Jewish families used to live in clusters. Bubbes and zaidas, brothers and sisters, uncles, cousins, and aunts would live in one house or be opstairikes or nextdoorikes; they’d live down the block or around the corner; they’d live in adjoining or at least nearby towns. And the women, especially, would visit back and forth, ferrying food, gossip, and sewing baskets filled with mending or needlework, to keep their hands busy.
Our maternal grandparents, uncle, and aunt lived upstairs from us in a two-family house in Passaic, and we and they were often visited, as well, by the Paterson tantes, Sadie and Annie to say nothing of our mother’s friends from Russia (Anya, Nadia, Sylvia, Dora, et al). We also visited the tantes and their offspring, most of whom lived in separate apartments in one apartment house.
My father, on the other hand, was an anomaly (he was an anomaly in many ways, but that’s another story). An "immigrant" from Massachusetts, far from his large family there, he missed his four sisters (and two cousins raised as his sisters) and two brothers. He was particularly lonely on Sundays, when he would lament his sisters and brothers would be calling on one another, but not, alas, on us. So we visited them, on (very) rare occasions. The trip to New England, in the car we called the Rattletrap, was not lightly undertaken. I remember meeting my father’s mother only once we called her "little Jewish bubbe" because she was tiny and wore black and covered her hair, as opposed to my round, blonde, secular grandmother. And I remember meeting his father not at all; he died shortly after my birth.
Three of the sisters died young; their husbands remarried and their children were lost to our family history. But Aunt Ida sent my sister and me into giggles because she dyed her white hair blue. And Uncle Hymie was delightful, but we became more than geographically distant when he, who had been a Wobbly, continued to sing Stalin’s praises. (My mother and her family had fled the Soviet Union.) I don’t know if he ever recanted, but the breach was somewhat mended when he came to my son’s pidyon haben (and slipped a $10 bill into his diaper).
My father’s brother Eli was a cantor in Atlantic City and therefore easier to get to. But even there, after our parents’ deaths, we lost track of his sons, who were boisterous and friendly, who had picked me up and flung me around, and whom I liked very much.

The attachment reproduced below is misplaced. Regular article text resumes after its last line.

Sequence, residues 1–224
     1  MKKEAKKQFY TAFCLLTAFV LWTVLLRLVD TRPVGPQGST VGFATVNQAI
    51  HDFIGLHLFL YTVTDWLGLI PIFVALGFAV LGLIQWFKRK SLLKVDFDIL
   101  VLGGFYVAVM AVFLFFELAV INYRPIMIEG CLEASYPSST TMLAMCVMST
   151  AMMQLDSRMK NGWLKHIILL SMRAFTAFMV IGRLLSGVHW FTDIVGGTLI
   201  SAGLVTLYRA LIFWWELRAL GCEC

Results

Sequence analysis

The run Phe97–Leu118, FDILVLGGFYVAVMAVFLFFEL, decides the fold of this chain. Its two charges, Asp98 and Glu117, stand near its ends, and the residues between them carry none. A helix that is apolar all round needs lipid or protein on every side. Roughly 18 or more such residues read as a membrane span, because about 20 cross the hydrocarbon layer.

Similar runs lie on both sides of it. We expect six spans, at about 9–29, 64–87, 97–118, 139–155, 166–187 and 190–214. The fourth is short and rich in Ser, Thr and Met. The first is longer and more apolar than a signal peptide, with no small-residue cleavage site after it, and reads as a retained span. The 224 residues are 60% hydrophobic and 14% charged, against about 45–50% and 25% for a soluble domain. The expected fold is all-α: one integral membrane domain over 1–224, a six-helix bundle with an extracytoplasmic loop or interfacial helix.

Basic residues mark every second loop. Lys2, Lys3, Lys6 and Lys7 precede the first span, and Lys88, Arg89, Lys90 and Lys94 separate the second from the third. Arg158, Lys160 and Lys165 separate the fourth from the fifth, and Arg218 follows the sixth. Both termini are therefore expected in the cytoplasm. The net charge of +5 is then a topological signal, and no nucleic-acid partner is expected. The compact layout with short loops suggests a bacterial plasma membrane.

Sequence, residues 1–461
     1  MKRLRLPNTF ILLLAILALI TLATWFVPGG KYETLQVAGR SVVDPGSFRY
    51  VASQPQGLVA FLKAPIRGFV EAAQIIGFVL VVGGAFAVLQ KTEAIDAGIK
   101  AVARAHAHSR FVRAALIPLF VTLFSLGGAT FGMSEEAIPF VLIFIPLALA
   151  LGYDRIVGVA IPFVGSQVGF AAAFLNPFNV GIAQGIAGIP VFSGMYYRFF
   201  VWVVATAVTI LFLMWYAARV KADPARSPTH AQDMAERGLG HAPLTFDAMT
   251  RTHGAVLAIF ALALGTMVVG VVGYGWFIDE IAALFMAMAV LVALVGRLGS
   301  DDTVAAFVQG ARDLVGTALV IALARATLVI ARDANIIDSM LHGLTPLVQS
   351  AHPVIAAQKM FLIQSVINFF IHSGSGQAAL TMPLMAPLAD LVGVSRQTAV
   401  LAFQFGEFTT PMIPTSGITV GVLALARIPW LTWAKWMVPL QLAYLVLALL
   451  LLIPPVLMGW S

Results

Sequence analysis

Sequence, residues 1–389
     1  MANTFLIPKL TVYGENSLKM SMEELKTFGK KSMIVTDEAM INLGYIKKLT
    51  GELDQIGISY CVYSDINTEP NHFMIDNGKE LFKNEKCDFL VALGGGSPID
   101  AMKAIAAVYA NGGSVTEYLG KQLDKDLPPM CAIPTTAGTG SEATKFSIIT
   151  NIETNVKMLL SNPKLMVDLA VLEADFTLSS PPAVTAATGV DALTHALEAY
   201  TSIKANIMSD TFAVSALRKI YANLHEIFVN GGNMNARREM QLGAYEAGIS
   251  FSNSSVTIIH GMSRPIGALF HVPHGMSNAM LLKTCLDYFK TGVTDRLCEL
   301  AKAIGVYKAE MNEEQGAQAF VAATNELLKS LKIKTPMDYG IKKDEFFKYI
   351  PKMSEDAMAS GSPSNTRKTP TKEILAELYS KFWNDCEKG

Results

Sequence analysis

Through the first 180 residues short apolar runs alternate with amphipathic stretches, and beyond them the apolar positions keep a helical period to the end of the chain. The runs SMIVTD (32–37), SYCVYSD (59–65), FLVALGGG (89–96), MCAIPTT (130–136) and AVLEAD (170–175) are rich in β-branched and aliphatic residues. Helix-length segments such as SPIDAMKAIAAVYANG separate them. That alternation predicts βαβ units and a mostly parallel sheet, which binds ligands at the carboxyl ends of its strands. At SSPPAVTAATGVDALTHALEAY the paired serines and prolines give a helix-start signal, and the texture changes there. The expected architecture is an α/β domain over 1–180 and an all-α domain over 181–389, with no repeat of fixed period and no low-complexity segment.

A few years ago, we sent letters to just about every Jewish newspaper in the country, looking to find family. We did get one response, but from a distant branch, and that, rather than signifying a find, seemed a sign that the others were lost.
These days, far-flung families are common. To quote the Carole King song, everyone’s "so far away; doesn’t anybody stay in one place anymore?" But family visits have become easier, what with fast cars, superhighways, and air travel weather permitting, of course.
And, of course, it does not always permit.
Just last week, my brother- and sister-in-law, who live half the year in Arizona, were expecting their daughter-in-law and grandchildren to fly in from Pennsylvania. To that end, our in-laws had rented a van big enough to hold two children’s car seats. They also rented a double stroller and (they are super-organized) a bagful of toys.
But snow rained down and chaos to which, no doubt, the two tired and hungry little girls contributed reigned in the Philadelphia airport. They had to postpone their visit for a month, at which time the van, stroller, and toys will have to be rented again.
Meanwhile, if anyone knows what’s become of the heirs of Meir and Tzipi Kaplan and their children Eli, Hymie, Rebecca, Florence, Martha, and Ida, who lived in Lawrence, Mass., I’d love to hear about them. And then I would say, "It would be so fine to see your face at my door."